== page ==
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Real soldiers

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posted on Nov, 28 2011 @ 10:36 AM
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www.presstv.com...

This is disturbing if true. However, that being said, what we do know to be true is this comment:



He advised the US and its allies to realize Iran's incredible might and know that in the event of a war the Islamic Republic will teach the Americans what war really is and what soldiers are supposed to be like.


WE do know that their soldiers are trained martyrs. We in the west do not train our soldiers to be suicide bombers, they do. If their missles don't strike, their soldiers will.




posted on Nov, 28 2011 @ 10:48 AM
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I would just like to point out..

Iran is REACTING. It seems people want to paint Iran as this evil country that wants us all dead.. Well, history has shown Iran to be compliant with inspections and their nuclear programs, although the latest IAEA report goes against this.

If someone was threatening to come in your back yard and destroy your bird bath would you let them or would you defend your property?

So the US/NATO has pretty much taken care of all the countries that can't defend themselves. Now we will get to see what happens when they attack a country that has the means and the allies to at least put up a fight. Hopefully it doesn't go this far, but with how aggressive the US/NATO/Israel is, I am pretty sure this thing will run it's course.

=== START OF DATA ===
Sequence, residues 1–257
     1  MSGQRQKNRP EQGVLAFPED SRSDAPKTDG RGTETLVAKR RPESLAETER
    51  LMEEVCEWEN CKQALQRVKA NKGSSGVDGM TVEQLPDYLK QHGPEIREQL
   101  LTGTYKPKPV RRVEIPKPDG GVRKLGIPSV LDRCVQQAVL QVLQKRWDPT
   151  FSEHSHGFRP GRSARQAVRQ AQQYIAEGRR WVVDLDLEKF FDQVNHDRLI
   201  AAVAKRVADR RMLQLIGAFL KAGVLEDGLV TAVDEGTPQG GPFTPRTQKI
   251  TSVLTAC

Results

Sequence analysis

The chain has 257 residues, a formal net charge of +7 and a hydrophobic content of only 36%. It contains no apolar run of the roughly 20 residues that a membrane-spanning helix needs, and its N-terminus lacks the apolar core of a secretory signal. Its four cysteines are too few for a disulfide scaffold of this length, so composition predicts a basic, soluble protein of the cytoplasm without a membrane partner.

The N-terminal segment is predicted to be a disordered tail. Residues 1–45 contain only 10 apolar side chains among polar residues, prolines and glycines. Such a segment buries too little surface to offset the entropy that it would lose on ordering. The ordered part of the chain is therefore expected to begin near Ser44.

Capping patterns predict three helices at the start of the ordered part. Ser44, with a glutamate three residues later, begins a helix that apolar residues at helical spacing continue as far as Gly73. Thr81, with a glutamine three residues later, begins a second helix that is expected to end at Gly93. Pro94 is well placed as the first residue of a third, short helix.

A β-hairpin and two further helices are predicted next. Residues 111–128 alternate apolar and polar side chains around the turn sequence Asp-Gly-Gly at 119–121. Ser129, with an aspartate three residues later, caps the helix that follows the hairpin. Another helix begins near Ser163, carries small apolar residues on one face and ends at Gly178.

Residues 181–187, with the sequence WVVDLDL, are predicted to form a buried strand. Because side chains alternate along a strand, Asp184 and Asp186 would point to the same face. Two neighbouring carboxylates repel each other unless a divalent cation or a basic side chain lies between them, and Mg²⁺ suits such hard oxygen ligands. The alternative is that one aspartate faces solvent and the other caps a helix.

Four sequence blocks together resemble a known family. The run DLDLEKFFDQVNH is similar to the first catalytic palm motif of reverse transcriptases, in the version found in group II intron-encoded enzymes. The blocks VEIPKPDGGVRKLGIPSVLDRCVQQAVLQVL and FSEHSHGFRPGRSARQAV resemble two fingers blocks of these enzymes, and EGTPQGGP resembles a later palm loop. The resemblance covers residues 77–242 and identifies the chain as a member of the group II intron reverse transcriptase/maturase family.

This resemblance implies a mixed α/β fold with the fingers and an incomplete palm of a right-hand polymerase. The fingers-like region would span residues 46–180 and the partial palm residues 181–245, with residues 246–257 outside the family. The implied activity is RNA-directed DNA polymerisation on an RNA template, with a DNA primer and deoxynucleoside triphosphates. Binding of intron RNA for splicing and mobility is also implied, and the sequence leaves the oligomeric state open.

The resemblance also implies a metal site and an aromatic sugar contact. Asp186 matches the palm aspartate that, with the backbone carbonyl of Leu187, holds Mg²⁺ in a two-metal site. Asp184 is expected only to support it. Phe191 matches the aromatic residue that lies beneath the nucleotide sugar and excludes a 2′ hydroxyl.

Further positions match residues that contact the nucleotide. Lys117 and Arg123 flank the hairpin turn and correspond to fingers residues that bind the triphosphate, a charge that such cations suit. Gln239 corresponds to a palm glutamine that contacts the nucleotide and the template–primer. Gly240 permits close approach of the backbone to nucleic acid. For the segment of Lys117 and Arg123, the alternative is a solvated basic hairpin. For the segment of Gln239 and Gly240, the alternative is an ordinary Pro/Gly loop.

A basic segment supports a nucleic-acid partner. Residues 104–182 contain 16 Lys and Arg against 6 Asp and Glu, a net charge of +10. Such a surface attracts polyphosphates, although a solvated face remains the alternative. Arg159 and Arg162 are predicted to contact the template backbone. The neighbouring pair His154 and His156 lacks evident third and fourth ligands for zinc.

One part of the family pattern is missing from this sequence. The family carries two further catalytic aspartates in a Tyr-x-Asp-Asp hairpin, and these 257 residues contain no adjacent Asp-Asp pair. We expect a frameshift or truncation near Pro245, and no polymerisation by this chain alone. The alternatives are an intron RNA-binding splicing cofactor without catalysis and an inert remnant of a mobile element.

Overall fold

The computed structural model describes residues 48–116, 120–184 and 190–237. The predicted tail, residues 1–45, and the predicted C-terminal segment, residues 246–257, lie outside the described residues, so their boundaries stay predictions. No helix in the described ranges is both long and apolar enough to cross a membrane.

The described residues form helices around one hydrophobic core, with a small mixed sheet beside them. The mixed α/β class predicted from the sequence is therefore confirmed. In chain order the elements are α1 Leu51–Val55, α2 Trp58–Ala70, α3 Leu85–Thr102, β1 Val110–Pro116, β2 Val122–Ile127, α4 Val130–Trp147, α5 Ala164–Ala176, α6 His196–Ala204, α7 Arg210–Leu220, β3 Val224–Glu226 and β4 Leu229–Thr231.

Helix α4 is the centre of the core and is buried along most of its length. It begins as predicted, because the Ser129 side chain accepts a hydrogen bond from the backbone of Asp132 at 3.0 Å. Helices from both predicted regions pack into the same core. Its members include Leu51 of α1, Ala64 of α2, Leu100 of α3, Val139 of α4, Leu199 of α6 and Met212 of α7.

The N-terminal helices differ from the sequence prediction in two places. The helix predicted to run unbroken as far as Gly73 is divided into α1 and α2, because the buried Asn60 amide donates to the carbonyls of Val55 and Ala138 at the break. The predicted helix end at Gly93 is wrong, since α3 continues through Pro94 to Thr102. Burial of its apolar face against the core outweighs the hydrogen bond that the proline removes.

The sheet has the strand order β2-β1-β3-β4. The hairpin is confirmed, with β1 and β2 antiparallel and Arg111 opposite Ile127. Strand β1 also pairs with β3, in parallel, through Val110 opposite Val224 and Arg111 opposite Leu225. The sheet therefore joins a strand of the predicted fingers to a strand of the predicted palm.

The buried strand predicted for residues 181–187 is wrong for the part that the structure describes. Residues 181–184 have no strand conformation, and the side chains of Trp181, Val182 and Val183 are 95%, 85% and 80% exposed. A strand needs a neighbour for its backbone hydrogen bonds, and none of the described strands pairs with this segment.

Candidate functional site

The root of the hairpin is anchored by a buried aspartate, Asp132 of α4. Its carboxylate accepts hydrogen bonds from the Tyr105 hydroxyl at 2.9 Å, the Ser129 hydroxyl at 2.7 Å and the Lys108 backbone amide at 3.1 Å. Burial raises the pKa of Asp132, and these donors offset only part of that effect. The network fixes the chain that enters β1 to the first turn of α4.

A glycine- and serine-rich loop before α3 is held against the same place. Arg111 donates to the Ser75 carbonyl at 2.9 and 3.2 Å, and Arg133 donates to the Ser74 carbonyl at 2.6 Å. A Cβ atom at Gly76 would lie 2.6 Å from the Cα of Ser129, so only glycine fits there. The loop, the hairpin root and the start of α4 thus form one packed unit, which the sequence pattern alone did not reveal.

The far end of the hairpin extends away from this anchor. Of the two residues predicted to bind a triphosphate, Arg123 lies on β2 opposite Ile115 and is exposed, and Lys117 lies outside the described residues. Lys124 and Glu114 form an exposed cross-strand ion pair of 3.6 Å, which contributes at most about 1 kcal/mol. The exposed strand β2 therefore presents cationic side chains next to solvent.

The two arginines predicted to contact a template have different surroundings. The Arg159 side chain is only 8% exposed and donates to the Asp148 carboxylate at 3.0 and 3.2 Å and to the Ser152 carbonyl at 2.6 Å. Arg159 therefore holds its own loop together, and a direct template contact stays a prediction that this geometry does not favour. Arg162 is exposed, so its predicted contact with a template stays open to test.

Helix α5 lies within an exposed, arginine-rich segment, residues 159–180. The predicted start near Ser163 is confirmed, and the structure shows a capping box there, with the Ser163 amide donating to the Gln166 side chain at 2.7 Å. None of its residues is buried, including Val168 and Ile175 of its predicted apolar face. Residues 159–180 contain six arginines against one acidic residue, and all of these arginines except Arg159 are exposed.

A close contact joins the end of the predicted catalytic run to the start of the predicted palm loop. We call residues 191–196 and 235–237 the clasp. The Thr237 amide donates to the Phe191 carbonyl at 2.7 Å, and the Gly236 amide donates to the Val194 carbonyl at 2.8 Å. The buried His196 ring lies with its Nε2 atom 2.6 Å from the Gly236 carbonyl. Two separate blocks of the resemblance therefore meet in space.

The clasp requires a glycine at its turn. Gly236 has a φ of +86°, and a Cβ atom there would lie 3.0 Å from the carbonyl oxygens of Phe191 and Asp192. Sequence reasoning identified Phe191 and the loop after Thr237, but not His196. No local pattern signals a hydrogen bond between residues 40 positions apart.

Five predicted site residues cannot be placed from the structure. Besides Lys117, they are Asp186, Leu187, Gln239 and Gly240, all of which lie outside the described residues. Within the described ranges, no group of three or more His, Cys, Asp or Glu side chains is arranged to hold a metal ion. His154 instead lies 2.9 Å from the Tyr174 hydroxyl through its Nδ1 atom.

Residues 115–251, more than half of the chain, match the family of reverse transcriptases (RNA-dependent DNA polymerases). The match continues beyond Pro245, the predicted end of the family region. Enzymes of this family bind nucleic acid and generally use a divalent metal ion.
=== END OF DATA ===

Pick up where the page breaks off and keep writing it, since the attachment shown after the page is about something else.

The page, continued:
posted on Nov, 28 2011 @ 10:49 AM
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Originally posted by Jerisa
www.presstv.com...


WE do know that their soldiers are trained martyrs. We in the west do not train our soldiers to be suicide bombers, they do. If their missles don't strike, their soldiers will.


Please provide a quote or a source that states that Iranian Military are taught to be suicide bombers.

Otherwise it's just ingrained propaganda.


edit on 11/28/2011 by tothetenthpower because: (no reason given)



posted on Nov, 28 2011 @ 10:52 AM
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reply to post by Jerisa
 


"Real" soldiers are not martyrs.


Iran fought Iraq for several years to a draw. We took two weeks.
The Russians fought Afghanistan for years and years and finally retreated. We took a few weeks.


I do not think we should invade Iran. I do not think we need to be in the area at all.